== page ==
The Ammianus Marcellinus Electronic Project
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V. Neri in his article of 1992 does not focus on the omission of Christianity in the Res Gestae but discusses a single statement of Ammianus: his definition of Christianity as absoluta et simplex religio (21.16.18). Neri sees in Ammianus definition a conceited pagan, ‘unwilling to embark on a destructive criticism, but for all that firmly convinced of the inferiority of the Christian culture’. What Ammianus did was to criticize the superstitio(n) of Christian leaders (consisting of critical research on simple truths, the scrutari perplexius; 21.16), and praise the religio(n) that was absolute and simple. Ammianus, according to Neri, tried to bridge the gap between Christians and pagans by using his historiographical skills to formulate an ideological message: honourable compromises could be found between Christians and pagans, making it possible for both religions to exist. Of course this would mean that Christianity would only be one of the religions, and thus fall under the umbrella of paganism.

R.L. Rike in his Apex Omnium takes a completely different approach. He concentrates not on Ammianus’ opinion about Christians, but rather on Ammianus’ religious ideas in general. He begins by ascertaining that ‘Ammianus tends to correlate religious progress with social refinement (or pedigree)’ (31.2.11; 31.2.9; 31.2.7; 17.12.21; 31.2.23; 14.4.3-5; 31.2.10; 31.2.21; 31.2.42; 27.4.4; 22.8.34; 31.2.15; 22.8.33; 22.8.36; 19.1.7-11; 17.5.1; 18.4.1; 18.6.22; 19.1.9; 28.5.11; 28.5.14). Whenever Ammianus describes a city (the most powerful symbol of progress and refinement), he uses it as a stepping-stone to talk about religion (15.9.6; 15.10.9; 23.6.24-25; 19.1.6; 22.16.3; 22.15.28; 22.16.7; 22.14.6-8,15,17; 22.16.15; 22.16.9-11). Together with the cities come the refinements of statues and other symbols of religion. The Apex Omnium that Rike’s book-title refers to, is Ammianus’ designation of the Obelisk of Heliopolis (17.4.12). Ammianus saw in the worship of ‘Sol’, God of the Obelisk, a certain way to sustain the Roman Empire (17.4.20). The fact that the Egyptians held their empire together for such a long time while serving this god, might have had much to do with Ammianus’ hope.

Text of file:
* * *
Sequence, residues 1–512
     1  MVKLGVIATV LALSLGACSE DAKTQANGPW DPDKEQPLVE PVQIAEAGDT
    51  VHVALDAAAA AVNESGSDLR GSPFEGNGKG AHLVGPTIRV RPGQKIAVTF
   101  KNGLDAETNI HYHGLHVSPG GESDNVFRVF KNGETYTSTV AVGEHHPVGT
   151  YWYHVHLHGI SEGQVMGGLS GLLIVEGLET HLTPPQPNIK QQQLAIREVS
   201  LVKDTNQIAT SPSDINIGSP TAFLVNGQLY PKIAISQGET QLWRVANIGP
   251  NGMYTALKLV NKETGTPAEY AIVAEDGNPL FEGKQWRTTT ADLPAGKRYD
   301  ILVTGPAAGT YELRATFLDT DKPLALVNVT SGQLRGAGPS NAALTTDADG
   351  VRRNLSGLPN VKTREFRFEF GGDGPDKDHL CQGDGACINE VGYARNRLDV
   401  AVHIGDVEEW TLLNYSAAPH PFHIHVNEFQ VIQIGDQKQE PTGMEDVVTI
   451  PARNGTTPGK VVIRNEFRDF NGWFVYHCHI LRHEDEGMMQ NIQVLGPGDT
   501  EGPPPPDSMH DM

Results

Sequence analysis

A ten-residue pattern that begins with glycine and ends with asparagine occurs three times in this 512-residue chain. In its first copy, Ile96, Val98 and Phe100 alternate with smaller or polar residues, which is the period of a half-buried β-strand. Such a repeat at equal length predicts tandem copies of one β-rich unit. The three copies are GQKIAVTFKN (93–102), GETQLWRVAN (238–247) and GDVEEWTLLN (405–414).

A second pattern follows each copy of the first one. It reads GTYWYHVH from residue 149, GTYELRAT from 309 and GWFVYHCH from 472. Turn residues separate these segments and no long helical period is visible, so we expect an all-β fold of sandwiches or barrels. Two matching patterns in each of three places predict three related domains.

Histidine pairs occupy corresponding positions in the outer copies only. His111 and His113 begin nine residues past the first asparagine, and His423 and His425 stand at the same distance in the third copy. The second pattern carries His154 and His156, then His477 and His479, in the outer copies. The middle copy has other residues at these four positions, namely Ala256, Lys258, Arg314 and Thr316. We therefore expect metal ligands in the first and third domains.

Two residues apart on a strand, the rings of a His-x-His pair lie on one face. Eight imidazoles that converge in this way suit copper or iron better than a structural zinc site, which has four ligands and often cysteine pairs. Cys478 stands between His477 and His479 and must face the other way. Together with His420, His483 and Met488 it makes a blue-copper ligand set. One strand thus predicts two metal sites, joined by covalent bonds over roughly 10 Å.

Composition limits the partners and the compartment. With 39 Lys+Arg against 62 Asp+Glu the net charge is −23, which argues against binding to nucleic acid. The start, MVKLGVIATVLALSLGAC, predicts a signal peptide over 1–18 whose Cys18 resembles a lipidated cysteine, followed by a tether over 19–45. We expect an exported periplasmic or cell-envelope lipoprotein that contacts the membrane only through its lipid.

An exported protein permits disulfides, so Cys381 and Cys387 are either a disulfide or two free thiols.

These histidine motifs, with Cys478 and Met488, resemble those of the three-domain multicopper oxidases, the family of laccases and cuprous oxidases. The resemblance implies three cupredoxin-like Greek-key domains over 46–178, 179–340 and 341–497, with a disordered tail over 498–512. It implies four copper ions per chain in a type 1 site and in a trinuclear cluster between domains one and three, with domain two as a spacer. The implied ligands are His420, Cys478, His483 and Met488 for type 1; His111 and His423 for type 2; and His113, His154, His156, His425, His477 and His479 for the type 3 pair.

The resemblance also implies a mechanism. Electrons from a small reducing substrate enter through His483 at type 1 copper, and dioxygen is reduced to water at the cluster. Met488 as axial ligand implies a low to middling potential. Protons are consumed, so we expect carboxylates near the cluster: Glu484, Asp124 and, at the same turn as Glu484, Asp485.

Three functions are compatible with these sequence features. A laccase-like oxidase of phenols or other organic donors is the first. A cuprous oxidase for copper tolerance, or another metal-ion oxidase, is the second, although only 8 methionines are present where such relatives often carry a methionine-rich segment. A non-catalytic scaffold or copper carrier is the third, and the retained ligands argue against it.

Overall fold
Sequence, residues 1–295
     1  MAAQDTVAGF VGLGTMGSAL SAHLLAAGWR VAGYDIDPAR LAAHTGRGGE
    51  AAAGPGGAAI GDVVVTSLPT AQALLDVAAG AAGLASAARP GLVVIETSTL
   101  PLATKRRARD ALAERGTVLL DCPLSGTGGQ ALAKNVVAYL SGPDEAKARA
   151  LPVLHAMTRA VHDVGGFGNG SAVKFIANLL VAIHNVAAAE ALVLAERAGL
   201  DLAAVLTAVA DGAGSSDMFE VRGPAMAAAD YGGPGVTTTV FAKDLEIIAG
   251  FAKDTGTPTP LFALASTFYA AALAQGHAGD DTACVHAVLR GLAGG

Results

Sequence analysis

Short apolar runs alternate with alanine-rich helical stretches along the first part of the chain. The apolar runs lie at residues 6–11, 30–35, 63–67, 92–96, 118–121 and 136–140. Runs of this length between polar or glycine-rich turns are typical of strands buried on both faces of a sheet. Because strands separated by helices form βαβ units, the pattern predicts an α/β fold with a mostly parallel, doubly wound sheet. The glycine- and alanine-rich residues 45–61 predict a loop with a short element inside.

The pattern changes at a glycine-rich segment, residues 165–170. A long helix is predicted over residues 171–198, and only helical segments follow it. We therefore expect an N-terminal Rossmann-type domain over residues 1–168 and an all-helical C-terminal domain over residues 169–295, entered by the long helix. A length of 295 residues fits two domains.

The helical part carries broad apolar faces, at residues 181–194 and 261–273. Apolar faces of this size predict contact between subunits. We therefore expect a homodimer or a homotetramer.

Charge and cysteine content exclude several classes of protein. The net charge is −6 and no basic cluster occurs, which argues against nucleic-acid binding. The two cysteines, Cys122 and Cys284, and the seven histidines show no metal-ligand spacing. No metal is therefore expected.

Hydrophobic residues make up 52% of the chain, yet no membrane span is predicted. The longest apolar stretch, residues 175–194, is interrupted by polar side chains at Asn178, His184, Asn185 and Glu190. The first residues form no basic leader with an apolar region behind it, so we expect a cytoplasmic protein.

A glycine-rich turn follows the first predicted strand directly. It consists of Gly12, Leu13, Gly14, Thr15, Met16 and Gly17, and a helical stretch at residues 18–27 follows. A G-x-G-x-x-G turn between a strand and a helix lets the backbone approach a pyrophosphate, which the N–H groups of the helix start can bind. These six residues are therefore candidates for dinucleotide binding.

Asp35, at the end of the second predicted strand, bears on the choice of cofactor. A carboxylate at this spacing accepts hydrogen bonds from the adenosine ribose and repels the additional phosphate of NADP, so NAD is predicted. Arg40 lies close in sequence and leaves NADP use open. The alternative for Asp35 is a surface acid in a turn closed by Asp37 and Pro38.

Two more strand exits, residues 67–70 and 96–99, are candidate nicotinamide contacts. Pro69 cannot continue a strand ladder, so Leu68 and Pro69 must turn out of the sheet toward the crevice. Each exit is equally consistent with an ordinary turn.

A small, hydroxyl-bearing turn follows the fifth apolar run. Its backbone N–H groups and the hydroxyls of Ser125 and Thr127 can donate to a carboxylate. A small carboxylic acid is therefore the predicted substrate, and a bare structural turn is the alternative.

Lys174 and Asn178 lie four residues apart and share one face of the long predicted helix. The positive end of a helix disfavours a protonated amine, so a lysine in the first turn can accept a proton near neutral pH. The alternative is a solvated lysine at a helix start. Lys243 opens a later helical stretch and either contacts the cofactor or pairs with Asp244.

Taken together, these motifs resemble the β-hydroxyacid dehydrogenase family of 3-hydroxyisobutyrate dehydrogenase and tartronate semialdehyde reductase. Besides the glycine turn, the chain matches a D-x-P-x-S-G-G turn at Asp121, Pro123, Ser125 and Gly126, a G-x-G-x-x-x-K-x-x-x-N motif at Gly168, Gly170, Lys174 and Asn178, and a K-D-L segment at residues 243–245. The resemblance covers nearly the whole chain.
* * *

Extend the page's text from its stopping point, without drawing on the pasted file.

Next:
In comparison with the brilliance of the Egyptian religion, refinement and cities, Christianity must have appeared rather bleak to Ammianus. The Christian religion had no empire-sustaining history, but Ammianus hoped that Christians would close ranks under the umbrella of the Graeco-Roman cultus deorum, and start defending the Graeco-Roman civilisation.

In his chapter ‘Christian language and anti-Christian polemic’, Barnes presents a rather different view of Ammianus’s attitude towards Christianity. He sees a conflict between the conscious attempt of Ammianus to take an outsider-position, even deliberately trying to marginalise Christianity, for instance when he twice glossed the word synodus with the phrase ut appellant (‘as they call it’) (also 22.12.8; 27.12; 29.1.1-4; 30.1-2; 15.7.7-10). Ammianus’ omission of Christian achievements, according to Barnes, can be taken as effective covert insult to Christianity (19.13.2; 22.8.8; 14.7.8; 14.8.11-12). Meanwhile, at a deeper level of the text, Ammianus can be caught unconsciously using Christian modes of thought (25.4.1-3) and expressions (29.3.4; 31.12.9). Barnes points out that the analogy of Julian, ‘whose writings exhibit a similar linguistic phenomenon’ suggests that Ammianus, too, was an apostate Christian.

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